Belonging means thinking about the difference we can make by connecting with people in our communities. For schools, this means reaching out and embracing our diverse communities. In Manchester, we have hugely diverse communities, living alongside each other in close proximity. The diversity of our Manchester communities presents opportunities as well as challenges, and very many of our schools engage in an inclusive way with their communities to promote tolerance and understanding.
The theme for our fifth annual Inclusion Matters conference was Resilience and Belonging.
Some of our delegates asked why we had taken the theme of resilience again for our conference, as this was the theme of our previous conference in 2016. “Inclusion Matters 2016: Resilience” was built around the film made for us by Meg Houghton Gilmour, which was prompted in the aftermath of the terrorist attacks in Paris in 2015.
Since then, the City of Manchester suffered a terrorist attack at Manchester Arena in May 2017. The aftermath of the Arena attack caused many of us to think in more detail about how we can develop the resilience of children and young people in a world in which these events are likely to continue to be part of their experience.
In July 2017, soon after the Arena bomb, David Trickey from the Anna Freud Centre spoke in Manchester about the impact of trauma and the ways in which communities can enhance the resilience of children. At the same time, we were introduced to the Resilience Framework produced by Professor Angie Hart of Boing Boing Resilience. For our Inclusion Matters conference, we were fortunate to be able to bring Anne Rathbone from Boing Boing, and David Trickey together in the same event, to help us explore and reflect together on resilience and the crucially important strand of belonging.
Graphic Capture: reflecting on learning during the day
During the day, delegates were invited to capture any new thinking, questions, and plans for the future prompted by the speakers and conversations that took place during the day. Thoughts and ideas were contributed to a large picture that can be downloaded as a PDF here:
Please note, we are still working on ways to enhance the quality and access to this graphic.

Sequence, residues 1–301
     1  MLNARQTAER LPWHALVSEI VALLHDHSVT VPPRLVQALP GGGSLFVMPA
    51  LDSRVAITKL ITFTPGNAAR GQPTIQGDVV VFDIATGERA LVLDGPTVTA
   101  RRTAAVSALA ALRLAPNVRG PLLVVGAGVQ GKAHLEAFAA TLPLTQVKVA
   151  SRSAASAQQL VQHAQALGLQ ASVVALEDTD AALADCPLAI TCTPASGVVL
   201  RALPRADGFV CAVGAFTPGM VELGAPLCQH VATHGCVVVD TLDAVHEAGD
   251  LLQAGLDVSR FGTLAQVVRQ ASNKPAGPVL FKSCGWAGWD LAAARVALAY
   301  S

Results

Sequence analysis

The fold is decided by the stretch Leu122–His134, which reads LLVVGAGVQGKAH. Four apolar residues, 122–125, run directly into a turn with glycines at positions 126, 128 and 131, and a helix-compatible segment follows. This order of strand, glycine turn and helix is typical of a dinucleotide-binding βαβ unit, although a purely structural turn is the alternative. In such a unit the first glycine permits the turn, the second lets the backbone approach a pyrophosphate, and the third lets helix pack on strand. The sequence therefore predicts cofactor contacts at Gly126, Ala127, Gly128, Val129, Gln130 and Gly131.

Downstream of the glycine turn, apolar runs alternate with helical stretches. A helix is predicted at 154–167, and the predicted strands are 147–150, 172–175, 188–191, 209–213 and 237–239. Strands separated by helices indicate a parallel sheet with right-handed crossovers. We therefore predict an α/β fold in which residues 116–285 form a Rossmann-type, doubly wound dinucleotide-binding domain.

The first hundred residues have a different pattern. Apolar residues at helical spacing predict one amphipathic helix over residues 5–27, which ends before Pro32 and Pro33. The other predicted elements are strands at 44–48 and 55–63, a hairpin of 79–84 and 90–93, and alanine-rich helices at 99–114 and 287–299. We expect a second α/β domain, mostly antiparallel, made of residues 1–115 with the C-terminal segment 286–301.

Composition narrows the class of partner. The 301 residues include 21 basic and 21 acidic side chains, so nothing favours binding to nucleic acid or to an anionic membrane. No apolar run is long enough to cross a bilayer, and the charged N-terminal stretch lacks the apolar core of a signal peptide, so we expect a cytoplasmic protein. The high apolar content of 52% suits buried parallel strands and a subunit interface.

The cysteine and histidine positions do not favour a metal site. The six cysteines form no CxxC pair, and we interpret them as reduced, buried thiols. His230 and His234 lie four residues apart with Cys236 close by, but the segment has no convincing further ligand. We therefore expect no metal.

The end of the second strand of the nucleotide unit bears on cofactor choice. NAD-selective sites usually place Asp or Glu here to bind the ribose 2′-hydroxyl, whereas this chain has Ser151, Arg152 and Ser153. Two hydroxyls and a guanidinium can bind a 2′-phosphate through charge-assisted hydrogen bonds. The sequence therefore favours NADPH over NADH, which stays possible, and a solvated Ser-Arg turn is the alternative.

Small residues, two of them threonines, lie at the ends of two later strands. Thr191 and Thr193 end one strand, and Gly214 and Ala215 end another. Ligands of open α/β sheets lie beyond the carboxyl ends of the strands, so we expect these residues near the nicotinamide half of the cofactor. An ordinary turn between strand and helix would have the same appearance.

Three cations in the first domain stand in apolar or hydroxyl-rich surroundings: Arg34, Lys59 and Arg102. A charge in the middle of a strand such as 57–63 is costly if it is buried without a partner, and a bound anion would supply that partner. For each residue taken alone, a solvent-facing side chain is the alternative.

The conference opened with presentations from Barlow Hall Primary School and Longsight Community Primary School, local schools who have reached out into their communities in different ways and who have community values at the centre of their vision.
Resilience and Belonging by Jayne Kennedy and Jen Holden can be downloaded here
Longsight Family Hub: Working in collaboration to serve our community by Rukhsana Ahmed to follow shortly.
Morning keynote address: Anne Rathbone, Senior Training and Consultancy Manager, Boingboing-Resilience CIC
“Promoting resilience through a whole school approach” to follow shortly.
This presentation provided an overview of the Resilience Framework (Hart & Blincow, 2007) with a particular focus on the role of belonging in the development of resilience. It explored how the Framework can be used to promote pupil resilience, via the Academic Resilience Approach (ARA). A whole school approach, underpinned by principles of pupil engagement, the ARA promotes evidence-based practice that integrates belonging and pupil voice as part of a holistic, asset-based response to the increasing challenges to mental health and emotional wellbeing for young people.
Afternoon keynote address: David Trickey, Clinical Psychologist, Anna Freud National Centre for Children and Families
“Professional Responses to Potentially Traumatic Events” can be downloaded here.
This presentation described Post-traumatic Stress Disorder (PTSD) and how it manifests in children and young people. It considered how the research-evidence can inform the response of professionals following potentially traumatic events, with a particular emphasis on what this might look like in the very real-world setting of schools.
Seminar 1: Blackpool’s Resilience Revolution